Fruit and vegetable consumption and lung cancer risk: Updated information from the European Prospective Investigation into Cancer and Nutrition (EPIC)

Jakob Linseisen, Sabine Rohrmann, Anthony B. Miller, H. Bas Bueno-De-Mesquita, Frederike L. Büchner, Paolo Vineis, Antonio Agudo, Inger T. Gram, Lars Janson, Vittorio Krogh, Kim Overvad, Torgny Rasmuson, Mandy Schulz, Tobias Pischon, Rudolf Kaaks, Alexandra Nieters, Naomi E. Allen, Timothy J. Key, Sheila Bingham, Kay Tee KhawPilar Amiano, Aurelio Barricarte, Carmen Martinez, Carmen Navarro, Ramón Quirós, Françoise Clavel-Chapelon, Marie Christine Boutron-Ruault, Mathilde Touvier, Petra H M Peeters, Göran Berglund, Göran Hallmans, Eiliv Lund, Domenico Palli, Salvatore Panico, Rosario Tumino, Anne Tjønneland, Anja Olsen, Antonia Trichopoulou, Dimitrios Trichopoulos, Philippe Autier, Paolo Boffetta, Nadia Slimani, Elio Riboli

Research output: Contribution to journalArticle

Abstract

The association of fruit and vegetable consumption and lung cancer incidence was evaluated using the most recent data from the European Prospective Investigation into Cancer and Nutrition (EPIC), applying a refined statistical approach (calibration) to account for measurement error potentially introduced by using food frequency questionnaire data. Between 1992 and 2000, detailed information on diet and life-style of 478,590 individuals participating in EPIC was collected. During a median follow-up of 6.4 years, 1,126 lung cancer cases were observed. Multivariate Cox proportional hazard models were applied for statistical evaluation. In the whole study population, fruit consumption was significantly inversely associated with lung cancer risk while no association was found for vegetable consumption. In current smokers, however, lung cancer risk significantly decreased with higher vegetable consumption; this association became more pronounced after calibration, the hazard ratio (HR) being 0.78 (95% CI 0.62-0.98) per 100 g increase in daily vegetable consumption. In comparison, the HR per 100 g fruit was 0.92 (0.85-0.99) in the entire cohort and 0.90 (0.81-0.99) in smokers. Exclusion of cases diagnosed during the first 2 years of follow-up strengthened these associations, the HR being 0.71 (0.55-0.94) for vegetables (smokers) and 0.86 (0.78-0.95) for fruit (entire cohort). Cancer incidence decreased with higher consumption of apples and pears (entire cohort) as well as root vegetables (smokers). In addition to an overall inverse association with fruit intake, the results of this evaluation add evidence for a significant inverse association of vegetable consumption and lung cancer incidence in smokers.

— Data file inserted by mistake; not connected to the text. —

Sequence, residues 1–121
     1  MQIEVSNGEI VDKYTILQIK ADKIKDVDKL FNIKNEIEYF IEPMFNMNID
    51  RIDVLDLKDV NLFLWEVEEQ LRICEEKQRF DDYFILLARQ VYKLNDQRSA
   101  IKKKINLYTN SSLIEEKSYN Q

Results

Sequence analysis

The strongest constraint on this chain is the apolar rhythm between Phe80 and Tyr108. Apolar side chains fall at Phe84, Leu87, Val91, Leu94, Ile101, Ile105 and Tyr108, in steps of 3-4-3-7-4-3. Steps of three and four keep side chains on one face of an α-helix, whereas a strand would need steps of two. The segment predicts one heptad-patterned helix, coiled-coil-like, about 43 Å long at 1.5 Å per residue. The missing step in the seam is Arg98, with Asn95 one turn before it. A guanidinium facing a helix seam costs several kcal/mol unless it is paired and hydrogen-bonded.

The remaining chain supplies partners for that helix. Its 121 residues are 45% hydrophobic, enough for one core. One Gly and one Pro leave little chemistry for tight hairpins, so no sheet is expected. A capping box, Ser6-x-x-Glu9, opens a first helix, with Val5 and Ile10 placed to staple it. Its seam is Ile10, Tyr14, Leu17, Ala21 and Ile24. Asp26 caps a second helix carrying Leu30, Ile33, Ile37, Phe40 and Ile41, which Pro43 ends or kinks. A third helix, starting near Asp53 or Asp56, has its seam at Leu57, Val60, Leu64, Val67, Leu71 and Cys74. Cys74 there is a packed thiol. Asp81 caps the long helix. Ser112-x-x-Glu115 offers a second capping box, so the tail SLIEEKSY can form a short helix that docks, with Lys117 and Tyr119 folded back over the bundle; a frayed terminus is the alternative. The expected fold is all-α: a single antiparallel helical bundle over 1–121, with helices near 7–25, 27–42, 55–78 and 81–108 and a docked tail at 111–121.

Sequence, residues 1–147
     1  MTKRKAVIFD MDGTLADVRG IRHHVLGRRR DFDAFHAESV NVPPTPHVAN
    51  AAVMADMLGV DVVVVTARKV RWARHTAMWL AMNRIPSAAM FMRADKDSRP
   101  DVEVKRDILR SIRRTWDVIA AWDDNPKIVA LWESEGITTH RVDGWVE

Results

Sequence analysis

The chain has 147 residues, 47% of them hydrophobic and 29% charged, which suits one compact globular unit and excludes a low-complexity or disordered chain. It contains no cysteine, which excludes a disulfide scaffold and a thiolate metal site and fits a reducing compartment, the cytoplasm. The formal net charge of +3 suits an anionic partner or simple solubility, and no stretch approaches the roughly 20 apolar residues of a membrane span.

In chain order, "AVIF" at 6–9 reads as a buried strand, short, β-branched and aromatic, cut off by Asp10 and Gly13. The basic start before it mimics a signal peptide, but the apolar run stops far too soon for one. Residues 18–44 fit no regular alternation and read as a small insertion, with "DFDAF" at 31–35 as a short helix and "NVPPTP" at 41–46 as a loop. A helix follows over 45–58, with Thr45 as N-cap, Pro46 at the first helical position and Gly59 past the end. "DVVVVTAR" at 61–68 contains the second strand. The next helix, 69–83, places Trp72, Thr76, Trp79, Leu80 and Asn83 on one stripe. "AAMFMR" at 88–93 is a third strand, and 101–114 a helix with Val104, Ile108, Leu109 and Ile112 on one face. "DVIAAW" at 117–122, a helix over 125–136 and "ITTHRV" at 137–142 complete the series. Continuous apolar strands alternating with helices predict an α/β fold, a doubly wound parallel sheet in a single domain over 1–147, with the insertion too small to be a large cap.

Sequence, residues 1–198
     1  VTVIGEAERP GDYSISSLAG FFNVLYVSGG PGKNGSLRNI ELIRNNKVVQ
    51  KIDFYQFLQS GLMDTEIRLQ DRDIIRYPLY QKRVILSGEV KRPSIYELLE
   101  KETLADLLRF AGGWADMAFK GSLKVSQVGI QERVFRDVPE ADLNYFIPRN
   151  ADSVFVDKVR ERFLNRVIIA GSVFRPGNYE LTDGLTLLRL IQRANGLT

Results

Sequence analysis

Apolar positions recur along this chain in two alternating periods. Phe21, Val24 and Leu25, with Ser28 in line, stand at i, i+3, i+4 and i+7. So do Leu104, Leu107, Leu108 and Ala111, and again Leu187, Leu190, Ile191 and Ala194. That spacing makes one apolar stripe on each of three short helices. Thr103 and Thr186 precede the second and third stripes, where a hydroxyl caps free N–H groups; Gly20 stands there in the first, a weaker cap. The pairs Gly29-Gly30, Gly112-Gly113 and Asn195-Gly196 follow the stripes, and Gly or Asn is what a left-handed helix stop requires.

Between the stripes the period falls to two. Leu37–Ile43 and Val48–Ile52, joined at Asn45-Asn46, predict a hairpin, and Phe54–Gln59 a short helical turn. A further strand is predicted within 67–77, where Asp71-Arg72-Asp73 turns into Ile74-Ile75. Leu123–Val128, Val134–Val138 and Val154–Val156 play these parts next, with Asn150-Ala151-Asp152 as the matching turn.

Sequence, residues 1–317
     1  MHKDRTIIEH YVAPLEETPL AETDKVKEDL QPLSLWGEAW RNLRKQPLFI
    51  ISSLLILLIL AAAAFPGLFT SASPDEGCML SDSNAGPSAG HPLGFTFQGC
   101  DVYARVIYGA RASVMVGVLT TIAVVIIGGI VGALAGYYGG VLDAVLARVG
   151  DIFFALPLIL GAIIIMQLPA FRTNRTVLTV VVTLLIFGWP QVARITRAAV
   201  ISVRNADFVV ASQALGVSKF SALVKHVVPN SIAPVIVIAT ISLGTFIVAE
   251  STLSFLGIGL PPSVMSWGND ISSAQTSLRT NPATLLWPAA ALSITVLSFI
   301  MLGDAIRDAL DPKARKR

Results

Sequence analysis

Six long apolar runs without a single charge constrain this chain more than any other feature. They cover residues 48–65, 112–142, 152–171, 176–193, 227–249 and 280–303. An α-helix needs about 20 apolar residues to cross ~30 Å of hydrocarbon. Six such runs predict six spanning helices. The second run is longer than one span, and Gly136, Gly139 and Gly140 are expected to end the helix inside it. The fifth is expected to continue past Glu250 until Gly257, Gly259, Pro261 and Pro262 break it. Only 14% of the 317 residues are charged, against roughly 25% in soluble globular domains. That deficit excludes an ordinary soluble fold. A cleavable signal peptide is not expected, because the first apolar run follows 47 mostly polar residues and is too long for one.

Original languageEnglish
Pages (from-to)1103-1114
Number of pages12
JournalInternational Journal of Cancer
Volume121
Issue number5
DOIs
Publication statusPublished - Sep 1 2007

Keywords

  • Cancer
  • Diet
  • Epidemiology
  • Fruit
  • Lung cancer
  • Smoking
  • Vegetables

ASJC Scopus subject areas

  • Cancer Research
  • Oncology

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  • Cite this

    Linseisen, J., Rohrmann, S., Miller, A. B., Bueno-De-Mesquita, H. B., Büchner, F. L., Vineis, P., Agudo, A., Gram, I. T., Janson, L., Krogh, V., Overvad, K., Rasmuson, T., Schulz, M., Pischon, T., Kaaks, R., Nieters, A., Allen, N. E., Key, T. J., Bingham, S., ... Riboli, E. (2007). Fruit and vegetable consumption and lung cancer risk: Updated information from the European Prospective Investigation into Cancer and Nutrition (EPIC). International Journal of Cancer, 121(5), 1103-1114. https://doi.org/10.1002/ijc.22807